How Does It Feel When You Can’t Have Children?

Feel Cant Have Children

If you are reading this in the midst of a healthy pregnancy, you should take some time to be grateful, and some time to think about couples who would like to have children but can’t. In 2017, the birth rate in the United States hit its lowest point in 30 years. [1]

Some of the decline is due to Millennials choosing not to have children and some of it is due to women putting off pregnancy to later years. Some of it is due to the fact that 10 to 15 percent of couples who want to have children struggle with infertility. There are many reasons for infertility. Men and women contribute about equally to infertility and in many cases, the cause is shared or unknown. [2,3]

Despite the fact that men are as likely to be responsible for infertility as women, women often feel the stigma of being childless more deeply. Historically, motherhood was so closely linked to being a woman that women who were childless were openly ostracized. In some primitive cultures, a man is still free to leave a childless wife. In America, we are beyond that level of stigma, but for many women, never experiencing being a mother is a loss that is hard to accept. [4]

For some of these women, and men, being childless can be devastating. Studies show very high rates of depression and anxiety. In studies of women starting infertility treatment, rates of depression can reach 50 percent and rates of anxiety can reach 25 percent. Loss of interest in sex and relationship problems are also frequent. This can happen when the act of having sex becomes associated with failure. [2]

Being childless can also make you feel angry and frustrated. Becoming a parent is one of the most important milestones in a person’s life. Being deprived of this experience can make you feel abandoned, and can put a big dent in your self-esteem. [2-4]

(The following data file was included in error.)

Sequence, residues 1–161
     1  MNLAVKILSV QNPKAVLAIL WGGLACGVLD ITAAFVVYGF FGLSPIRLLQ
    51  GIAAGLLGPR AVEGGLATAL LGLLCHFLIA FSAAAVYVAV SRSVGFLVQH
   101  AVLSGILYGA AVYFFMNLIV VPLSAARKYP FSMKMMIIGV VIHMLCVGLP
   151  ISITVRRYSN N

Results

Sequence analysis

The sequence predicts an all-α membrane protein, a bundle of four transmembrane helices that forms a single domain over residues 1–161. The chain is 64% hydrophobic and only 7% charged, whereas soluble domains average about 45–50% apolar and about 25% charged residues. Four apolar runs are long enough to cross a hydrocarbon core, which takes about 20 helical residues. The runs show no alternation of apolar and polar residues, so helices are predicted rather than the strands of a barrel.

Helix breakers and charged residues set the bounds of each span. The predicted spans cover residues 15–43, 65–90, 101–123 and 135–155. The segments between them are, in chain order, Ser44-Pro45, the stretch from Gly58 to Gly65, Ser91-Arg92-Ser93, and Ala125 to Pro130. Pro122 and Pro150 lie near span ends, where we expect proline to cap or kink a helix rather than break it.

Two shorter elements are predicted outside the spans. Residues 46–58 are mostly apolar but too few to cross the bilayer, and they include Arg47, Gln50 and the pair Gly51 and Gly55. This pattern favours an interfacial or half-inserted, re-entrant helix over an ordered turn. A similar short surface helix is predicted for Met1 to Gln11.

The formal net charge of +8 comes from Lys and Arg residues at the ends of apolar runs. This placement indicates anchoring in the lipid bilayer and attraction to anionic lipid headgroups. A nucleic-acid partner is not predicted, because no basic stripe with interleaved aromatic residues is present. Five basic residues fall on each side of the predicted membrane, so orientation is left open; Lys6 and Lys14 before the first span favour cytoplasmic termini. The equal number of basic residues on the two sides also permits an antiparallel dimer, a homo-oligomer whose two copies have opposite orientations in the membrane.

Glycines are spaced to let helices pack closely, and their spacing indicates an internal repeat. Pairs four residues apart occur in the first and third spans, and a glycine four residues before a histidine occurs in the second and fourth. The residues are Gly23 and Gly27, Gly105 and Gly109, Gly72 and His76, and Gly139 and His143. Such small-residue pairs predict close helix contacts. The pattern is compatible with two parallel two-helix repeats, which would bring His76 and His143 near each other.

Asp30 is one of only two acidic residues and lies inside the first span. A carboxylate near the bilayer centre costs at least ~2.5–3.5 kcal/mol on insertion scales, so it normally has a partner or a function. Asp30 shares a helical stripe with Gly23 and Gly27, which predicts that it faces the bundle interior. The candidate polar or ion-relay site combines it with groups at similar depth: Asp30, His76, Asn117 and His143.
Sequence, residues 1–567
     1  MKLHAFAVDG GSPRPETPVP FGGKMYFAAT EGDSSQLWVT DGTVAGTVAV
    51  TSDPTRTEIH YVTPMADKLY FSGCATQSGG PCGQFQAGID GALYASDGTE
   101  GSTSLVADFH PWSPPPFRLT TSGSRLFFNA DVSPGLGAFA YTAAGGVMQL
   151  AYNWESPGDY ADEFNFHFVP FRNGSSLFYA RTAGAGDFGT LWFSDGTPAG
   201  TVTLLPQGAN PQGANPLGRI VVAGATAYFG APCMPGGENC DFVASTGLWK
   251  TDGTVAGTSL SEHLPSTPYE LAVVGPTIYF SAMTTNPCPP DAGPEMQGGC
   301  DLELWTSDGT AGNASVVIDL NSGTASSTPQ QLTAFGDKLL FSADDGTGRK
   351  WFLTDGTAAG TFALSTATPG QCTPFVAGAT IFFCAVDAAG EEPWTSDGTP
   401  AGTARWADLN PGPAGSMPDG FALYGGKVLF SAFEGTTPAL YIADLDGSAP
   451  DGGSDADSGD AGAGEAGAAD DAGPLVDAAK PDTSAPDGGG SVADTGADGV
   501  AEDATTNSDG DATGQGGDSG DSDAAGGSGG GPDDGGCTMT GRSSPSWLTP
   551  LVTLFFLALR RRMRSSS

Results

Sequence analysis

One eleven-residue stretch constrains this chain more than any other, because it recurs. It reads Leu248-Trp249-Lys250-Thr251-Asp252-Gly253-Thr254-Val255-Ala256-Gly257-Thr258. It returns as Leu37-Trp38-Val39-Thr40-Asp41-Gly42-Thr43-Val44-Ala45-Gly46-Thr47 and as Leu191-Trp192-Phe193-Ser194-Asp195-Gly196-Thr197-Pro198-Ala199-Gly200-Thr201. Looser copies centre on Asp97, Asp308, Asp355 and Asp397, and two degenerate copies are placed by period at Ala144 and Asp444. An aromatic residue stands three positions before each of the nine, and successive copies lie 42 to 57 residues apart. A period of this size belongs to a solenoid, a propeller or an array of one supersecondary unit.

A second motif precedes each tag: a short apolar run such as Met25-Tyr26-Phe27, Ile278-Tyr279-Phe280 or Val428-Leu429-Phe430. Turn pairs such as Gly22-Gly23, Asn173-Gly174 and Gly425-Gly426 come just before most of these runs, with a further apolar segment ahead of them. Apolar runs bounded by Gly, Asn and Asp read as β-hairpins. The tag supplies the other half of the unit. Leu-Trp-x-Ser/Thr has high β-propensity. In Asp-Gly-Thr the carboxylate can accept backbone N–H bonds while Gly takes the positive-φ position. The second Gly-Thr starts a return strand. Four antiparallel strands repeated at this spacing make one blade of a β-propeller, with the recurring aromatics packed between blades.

Finally, there is the feeling of isolation. Imagine how it feels to be childless when your friends and relatives have entered child-world with birthday parties, play dates, school plays, and soccer games. Do you dive in and try to be part of other people’s child-world, or do you drift away and feel isolated? [4]

For many childless couples, assisted reproductive technologies become a source of hope and for many, these technologies are successful, but there may be added financial stress and a roller coaster ride of emotions ranging from hope, to joy, to despair. [2]

Infertility can be vicious cycle. Being anxious and depressed about not being pregnant can actually make it harder to get pregnant. One study found double the rate of infertility in depressed women. In another study, women who were trying to become pregnant and participated in group therapy or a support group, had successful pregnancies over 50 percent of the time. Women in the study who did not have therapy or support only become pregnant 20 percent of the time. [2]

There is a positive side to this story. Medicine has gotten a lot better at treating infertility. There are many options and many success stories. There are also good treatments for men and women suffering with anxiety, depression, and relationship problems due to infertility. Help is available. [2-4]

If you have friends who want to have children but are struggling, or just can’t, think about how that might feel. Make sure to include them, encourage them, and support them. You should also take some time to be thankful for the milestone you are about to experience. Don’t take it for granted. It is not a gift given to everyone. [2-4]

Sources:

  1. USA Today, U.S. birth rate plummets to lowest point in 30 years.
  2. MGH Center for Women’s Health, Stress, depression, and anxiety with in fertility and its treatment.
  3. North Carolina Medical Journal, The Impact of Infertility on Women’s Mental Health.
  4. Facts, Views & Vision, Issues in Obstetrics, Gynecology and Reproductive Health, The social and cultural consequences of being childless in poor-resource area.
Christopher Iliades
Dr. Chris Iliades is a medical doctor with 20 years of experience in clinical medicine and clinical research. Chris has been a full time medical writer and journalist since 2004. His byline appears in over 1,000 articles online including EverydayHealth, The Clinical Advisor, and Healthgrades. He has also written for print media including Cruising World Magazine, MD News, and The Johns Hopkins Children's Center Magazine. Chris lives with his wife and close to his three children and four grandchildren in the Boston area.

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